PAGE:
Monday, October 7, 2013

Finding Life in the Death Division

One of the awesome things about Boston (and I could make quite a list, including, of course, Mass General Hospital, the hotel which used to be a jail next door, J.P.Licks, the Commons and Public Garden, the colleges, the Greenway, the islands...I'll just stop there for now) is that everything is so darned easy to get to (unless you're stuck in traffic in a car).  There are buses, subways, trains, bikes and cars you can borrow, and the city is walkable.

A field trip I needed to complete before I left my temporary east coast home was to visit City Hall to pick up Tootsie's birth certificate.  City Hall was not far from the hospital, nestled among historic buildings I'd already strolled past.  I invited my sister for the momentous occasion, which we scheduled between feedings the week before Tootsie's discharge.

Boston City Hall, particularly in comparison with the lovely buildings with which it shares its setting, is not cute.  It's blocky and grotesque, built in the 60s and with controversial reception to this day, I've learned.

The inside is no more welcoming, unfortunately, and when you're a government building, you don't really have that going for you anyway.  Add a lot of concrete, dark spaces, and little color, and now we are even more depressed to be conducting Official and Bureaucratic business.

I have a tendency at the DMV or passport office or court buildings to really try and take in all the details, check out the decor, observe the people.  There's something both foreign and universal about government buildings.  I mean, each country has its peculiarities, as Kenya had photos of the president in every room (and lots of posters of kittens), but I could swear that we are all using the same pens and file cabinets, circa 1967.  I wind up both saddened and heartened by the bleak surroundings--so many stations, plain desks, piles of paper, rubber stamps, staplers, file baskets and cabinets.  Everything is in muted colors, including the paint, the worn carpeting or linoleum, and the employees' clothes.  Except the omnipresent fluorescent lights.  At least, I think, we are not wasting taxpayer money on new or fancy stuff!

At the Birth Division at Boston City Hall we first stood in line at  one window to make the birth certificate request, filling out names on a quartered piece of paper (more economy if not technology!) with a golf pencil.  We were then directed around the corner to wait in line to pay at another window, where we received directions to take our receipt to a third window for the actual certificates.  While I was in line I had time to examine the interior of the Birth Division.  I spotted shelves and shelves of binders organized by birth year, holding, I presumed, all the names of people born in Boston since they started keeping track.  And not much else, though I bet there was a microfiche machine or two lurking nearby.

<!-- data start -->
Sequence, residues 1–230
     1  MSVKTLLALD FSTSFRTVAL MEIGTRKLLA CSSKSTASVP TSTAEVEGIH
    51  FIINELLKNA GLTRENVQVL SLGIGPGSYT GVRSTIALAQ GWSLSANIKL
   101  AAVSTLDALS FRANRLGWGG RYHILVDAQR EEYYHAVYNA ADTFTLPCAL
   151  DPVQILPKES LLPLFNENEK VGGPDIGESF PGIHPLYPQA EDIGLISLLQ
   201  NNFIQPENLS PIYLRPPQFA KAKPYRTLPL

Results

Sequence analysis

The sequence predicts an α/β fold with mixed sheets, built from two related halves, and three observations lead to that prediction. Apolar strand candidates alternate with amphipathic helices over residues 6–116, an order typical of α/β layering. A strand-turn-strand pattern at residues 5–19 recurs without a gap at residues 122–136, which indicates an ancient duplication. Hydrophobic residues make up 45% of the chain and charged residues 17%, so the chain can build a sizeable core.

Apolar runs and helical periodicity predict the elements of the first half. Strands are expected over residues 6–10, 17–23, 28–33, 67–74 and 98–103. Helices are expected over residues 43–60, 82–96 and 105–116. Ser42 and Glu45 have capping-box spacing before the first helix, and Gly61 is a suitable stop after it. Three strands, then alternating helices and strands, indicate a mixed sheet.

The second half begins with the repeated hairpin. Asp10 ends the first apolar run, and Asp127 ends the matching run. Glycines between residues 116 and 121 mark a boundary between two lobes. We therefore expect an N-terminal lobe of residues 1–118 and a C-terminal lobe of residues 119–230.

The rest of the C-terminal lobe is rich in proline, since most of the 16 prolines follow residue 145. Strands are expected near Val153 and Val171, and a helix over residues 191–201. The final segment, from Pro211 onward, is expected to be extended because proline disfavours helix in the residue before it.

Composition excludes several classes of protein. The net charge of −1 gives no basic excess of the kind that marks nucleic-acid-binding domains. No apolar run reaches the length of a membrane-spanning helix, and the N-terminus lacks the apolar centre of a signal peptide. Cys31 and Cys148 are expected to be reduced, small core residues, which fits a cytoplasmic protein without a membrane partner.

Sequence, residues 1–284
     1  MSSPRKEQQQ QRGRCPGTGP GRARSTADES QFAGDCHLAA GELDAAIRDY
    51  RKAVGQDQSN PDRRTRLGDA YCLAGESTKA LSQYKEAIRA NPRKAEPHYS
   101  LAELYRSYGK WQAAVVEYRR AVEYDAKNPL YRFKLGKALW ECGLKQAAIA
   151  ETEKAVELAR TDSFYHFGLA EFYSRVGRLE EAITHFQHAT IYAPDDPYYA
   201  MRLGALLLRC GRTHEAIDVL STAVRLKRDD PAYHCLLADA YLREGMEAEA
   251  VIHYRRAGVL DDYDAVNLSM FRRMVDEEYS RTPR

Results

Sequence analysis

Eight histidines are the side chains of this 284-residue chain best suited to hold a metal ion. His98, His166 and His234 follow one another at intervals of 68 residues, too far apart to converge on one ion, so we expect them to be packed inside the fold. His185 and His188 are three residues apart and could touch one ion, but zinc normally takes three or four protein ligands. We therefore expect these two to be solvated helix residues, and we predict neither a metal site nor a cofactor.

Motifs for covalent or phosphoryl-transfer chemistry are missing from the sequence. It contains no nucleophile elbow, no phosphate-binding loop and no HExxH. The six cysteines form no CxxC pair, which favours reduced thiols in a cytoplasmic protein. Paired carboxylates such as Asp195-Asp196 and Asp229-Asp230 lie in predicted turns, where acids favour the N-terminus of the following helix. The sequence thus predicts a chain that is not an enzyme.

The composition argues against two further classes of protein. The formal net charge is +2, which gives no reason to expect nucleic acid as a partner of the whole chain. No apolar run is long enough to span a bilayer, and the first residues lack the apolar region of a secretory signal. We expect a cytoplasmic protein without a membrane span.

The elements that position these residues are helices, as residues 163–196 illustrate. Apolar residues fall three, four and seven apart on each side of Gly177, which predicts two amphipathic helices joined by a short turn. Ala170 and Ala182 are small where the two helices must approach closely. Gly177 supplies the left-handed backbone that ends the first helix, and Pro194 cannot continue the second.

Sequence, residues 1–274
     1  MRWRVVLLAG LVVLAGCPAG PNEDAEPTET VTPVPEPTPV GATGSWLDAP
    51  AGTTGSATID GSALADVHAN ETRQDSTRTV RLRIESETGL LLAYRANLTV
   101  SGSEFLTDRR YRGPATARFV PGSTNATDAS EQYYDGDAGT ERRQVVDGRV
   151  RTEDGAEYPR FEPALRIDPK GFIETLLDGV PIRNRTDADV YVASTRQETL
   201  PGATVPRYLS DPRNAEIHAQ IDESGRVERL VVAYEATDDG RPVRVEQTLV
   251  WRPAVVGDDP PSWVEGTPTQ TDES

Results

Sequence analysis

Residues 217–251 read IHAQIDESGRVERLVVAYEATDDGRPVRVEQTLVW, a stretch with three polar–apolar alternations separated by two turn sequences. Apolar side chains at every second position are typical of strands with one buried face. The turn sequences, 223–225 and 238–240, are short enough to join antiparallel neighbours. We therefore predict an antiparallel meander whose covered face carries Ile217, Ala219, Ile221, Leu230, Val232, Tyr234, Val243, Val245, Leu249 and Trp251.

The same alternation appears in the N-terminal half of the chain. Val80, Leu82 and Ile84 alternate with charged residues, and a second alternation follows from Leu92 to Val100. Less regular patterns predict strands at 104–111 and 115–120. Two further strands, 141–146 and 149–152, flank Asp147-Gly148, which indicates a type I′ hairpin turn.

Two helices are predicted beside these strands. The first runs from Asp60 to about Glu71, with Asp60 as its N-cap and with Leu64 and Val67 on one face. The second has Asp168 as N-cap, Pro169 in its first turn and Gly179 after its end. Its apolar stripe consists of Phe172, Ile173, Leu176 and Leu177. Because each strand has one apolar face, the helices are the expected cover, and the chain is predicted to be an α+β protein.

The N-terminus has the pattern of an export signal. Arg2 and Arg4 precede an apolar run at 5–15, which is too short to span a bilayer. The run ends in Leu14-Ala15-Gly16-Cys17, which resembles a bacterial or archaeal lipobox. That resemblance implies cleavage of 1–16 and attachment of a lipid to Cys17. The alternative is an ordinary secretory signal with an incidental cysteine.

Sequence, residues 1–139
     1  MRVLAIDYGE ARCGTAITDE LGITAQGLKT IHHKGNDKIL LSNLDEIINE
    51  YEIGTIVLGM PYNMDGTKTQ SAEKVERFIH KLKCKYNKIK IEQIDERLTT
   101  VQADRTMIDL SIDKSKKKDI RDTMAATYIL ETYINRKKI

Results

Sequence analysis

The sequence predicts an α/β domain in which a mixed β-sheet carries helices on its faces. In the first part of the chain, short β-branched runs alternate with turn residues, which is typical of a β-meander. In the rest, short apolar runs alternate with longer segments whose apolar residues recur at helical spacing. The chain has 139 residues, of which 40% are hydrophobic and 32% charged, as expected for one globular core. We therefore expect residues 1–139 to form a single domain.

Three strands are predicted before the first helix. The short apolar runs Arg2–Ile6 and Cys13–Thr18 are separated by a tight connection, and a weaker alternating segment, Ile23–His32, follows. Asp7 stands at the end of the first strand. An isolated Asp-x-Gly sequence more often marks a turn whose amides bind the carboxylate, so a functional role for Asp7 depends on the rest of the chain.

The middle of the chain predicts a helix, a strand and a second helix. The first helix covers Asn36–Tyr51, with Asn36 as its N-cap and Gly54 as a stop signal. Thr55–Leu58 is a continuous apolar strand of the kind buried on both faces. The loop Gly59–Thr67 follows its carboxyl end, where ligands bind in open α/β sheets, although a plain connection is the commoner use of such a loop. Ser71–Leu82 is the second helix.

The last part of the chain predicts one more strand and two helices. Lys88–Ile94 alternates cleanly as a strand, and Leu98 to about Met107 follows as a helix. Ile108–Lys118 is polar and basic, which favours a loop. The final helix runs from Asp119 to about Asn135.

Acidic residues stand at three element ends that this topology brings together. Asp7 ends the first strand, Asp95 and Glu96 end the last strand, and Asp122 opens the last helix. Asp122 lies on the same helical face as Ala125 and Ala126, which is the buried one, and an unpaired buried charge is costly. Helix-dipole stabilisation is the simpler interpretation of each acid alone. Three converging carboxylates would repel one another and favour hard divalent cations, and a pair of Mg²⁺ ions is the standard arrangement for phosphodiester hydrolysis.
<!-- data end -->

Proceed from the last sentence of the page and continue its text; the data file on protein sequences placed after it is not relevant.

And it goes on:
Behind the woman at the third window I spotted a single plant on a filing cabinet--a dying philodendron--in a 90s-style plastic insulated coffee mug with a worn logo.  I nudged my sister and raised my eyebrows and tilted my head in the direction of the sad horticulture.  "Isn't that just a perfect symbol for this soulless place?" I asked.

We grinned wryly and turned toward the Birth Division's next-door neighbor, the Death Division. We both took in the long rows of filing cabinets and shelves, but atop them for as wide as the banks of furniture stretched was a veritable jungle of plants of all kinds, growing curiously well under the artificial lights.  We turned to each other in unison, the same surprised and gleeful look on our faces.  So much life in the Death Division!  Who knew.  And what a contrast.

What's the lesson is in this little account?  I'm not sure exactly.  Maybe it's that we ought to do our best to beautify our surroundings, for everyone's sakes. Maybe it's that death and sadness deserve beauty--and not the artificial-foliage kind.  The kind of beauty that comes from real effort and an acknowledgment that some loveliness in a workplace (or anywhere, really) can bring some joy into the weekday grind, and offer solace to someone on a grim errand.  Perhaps the Birth Division shouldn't take the joy for granted, either.

1 comment:

Heather said...

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